Catholic service at national scouting jamboree

Luke Robb of St Matthew’s L.L.O. Scout Troop, Christchurch, doing a reading
at the Renwick service.


Over New Year, the 21st New Zealand Scout Jamboree was held in Marlborough. Renwick was the venue where more than 4200 scouts and leaders camped for 10 days. Scouts took part in water activities in the Marlborough Sounds, there was an air activities base
at the Omaka Aviation Heritage Centre, as well as activities in and around Blenheim
and Renwick.

Scouting’s aims include the physical, mental, social and spiritual development
of young people. At previous triennial New Zealand Jamborees, Catholic scouts have had their Sunday obligation catered for by Mass on the jamboree site, usually in a marquee. Because of the limited facilities at the jamboree venue in Renwick, the local Church of
St Francis de Sales was chosen as the venue for Mass. Marlborough parish was approached and the parish priest, Fr Pat McIndoe, CP, was happy that a Mass be celebrated at Renwick. Renwick parishioner Litty Newman worked with me and fellow scouting leader, Jane Hansen, (Cambridge), to organise things. St Francis de Sales church, which currently hosts Mass once a month, was opened in 1907 (the same year that scouting began).

A change in priests in the parish over New Year weekend meant neither Fr Pat nor another priest were able to celebrate Mass in Renwick, so Deacon Richard Booker was arranged to lead a Service of the Word with Communion. Deacon Richard, who had been a scout when he was a boy, preached a very appropriate sermon inspired by the final address of scouting’s founder, Lord Baden Powell. Baden Powell’s statement  from 1941 is still valid. Mentioned in this address was “happiness is making others happy”, “try to leave this world in better condition than they found it”, “how God has filled with beautiful and wonderful things this world so they can enjoy” and “God helping one to hold onto the Scout Promise”.

The late afternoon service was held on New Year’s Day. About 60 scouts and leaders walked the few blocks from the jamboree site to the church. Reflecting the international nature of scouting and the Catholic Church, in attendance were Cook Island and Australian scouts. A couple of dozen local parishioners were also present as were some families of scouts who were visiting the jamboree.

A couple of aspects of scouting were included in the service: the scout handshake
using the left hand during the Sign of Peace and singing the Scout Hymn as the closing song.

A collection taken during the service was earmarked for earthquake relief in Marlborough parish. In recognition of Renwick hosting the service, a donation of the same amount was afterwards made to assist the planned repainting of the church.

Badges play a large part in scouting and badge swapping at jamborees is a major activity, so I made a badge to mark the Catholic service. (A Mass was to be held when production of the badge started but when the Mass was changed to a service, it was too late to make changes to the wording). Some badge collectors, (who were of other Christian denominations), even attended the service as they heard that a badge was to be given out. The “new evangelisation” indeed! Scout groups affiliated with Catholic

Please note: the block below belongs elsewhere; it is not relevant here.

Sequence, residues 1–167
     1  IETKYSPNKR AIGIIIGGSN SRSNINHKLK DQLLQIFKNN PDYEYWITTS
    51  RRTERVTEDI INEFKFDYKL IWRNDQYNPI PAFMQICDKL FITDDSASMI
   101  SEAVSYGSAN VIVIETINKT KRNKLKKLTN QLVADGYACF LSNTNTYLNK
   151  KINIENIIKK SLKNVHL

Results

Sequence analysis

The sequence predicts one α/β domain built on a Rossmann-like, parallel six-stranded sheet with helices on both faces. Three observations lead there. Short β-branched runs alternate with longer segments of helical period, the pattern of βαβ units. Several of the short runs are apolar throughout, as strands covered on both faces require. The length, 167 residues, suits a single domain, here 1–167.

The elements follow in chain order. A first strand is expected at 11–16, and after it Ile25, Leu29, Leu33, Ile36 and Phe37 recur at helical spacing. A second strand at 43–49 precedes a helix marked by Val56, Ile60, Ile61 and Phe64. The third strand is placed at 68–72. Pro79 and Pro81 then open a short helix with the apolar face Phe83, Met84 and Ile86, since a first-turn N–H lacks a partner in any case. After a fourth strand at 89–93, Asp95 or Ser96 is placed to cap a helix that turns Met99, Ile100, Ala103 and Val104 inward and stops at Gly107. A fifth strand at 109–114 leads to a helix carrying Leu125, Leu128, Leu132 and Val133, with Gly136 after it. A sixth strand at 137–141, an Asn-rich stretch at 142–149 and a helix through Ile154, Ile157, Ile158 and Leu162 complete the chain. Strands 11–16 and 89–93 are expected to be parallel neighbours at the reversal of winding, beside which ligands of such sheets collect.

parishes in New Zealand and Australia wear a badge sewn onto the apex of their scout scarf. The design from that badge was incorporated into the badge produced for jamboree. The large gold circle represents the eternal God and the small gold circle
represents Man. The cross, the traditional symbol of Christians, is at the centre of our
lives. The three colours represent the original three sections of the Scout Movement: yellow for Cubs, green for Scouts and red for Rovers. The Southern Cross identifies
New Zealand in the Southern Hemisphere. The two shades of green tie in with the colours from the badge and logo of this year’s jamboree.

Services in Blenheim churches for other Christian denominations were advertised in the jamboree newspaper, but the Catholic service was the only religious service which took place in Renwick and was specially organised for those attending the jamboree. Each troop attending the jamboree was given a booklet of prayers and graces produced by the committee organising the jamboree. Currently there is a proposal to change the wording of the Scout Promise (Oath) which mentions “Duty to (my) God”, to “develop one’s
spiritual beliefs”. This partly reflects the changing nature of New Zealanders’ involvement
in organised religion. Fr Peter Fahy was National Catholic Chaplain for the Scout Association of New Zealand until about a decade ago. Since then this position has been vacant. Maybe another priest is willing to take on this role?

The next New Zealand Jamboree is planned for the first week in January, 2020, in the North Island, (possibly at Mystery Creek, Hamilton or near Taupo). Mass will again be held at this national event for Catholic scouts.

Edmund le Grelle lives in Christchurch and is an associate leader in scouting. When Edmund was part of Christchurch diocese’s Youth Team (as coordinator for World Youth Day in Sydney), he also helped organise the Mass held at the 2008 NZ Scout Jamboree.

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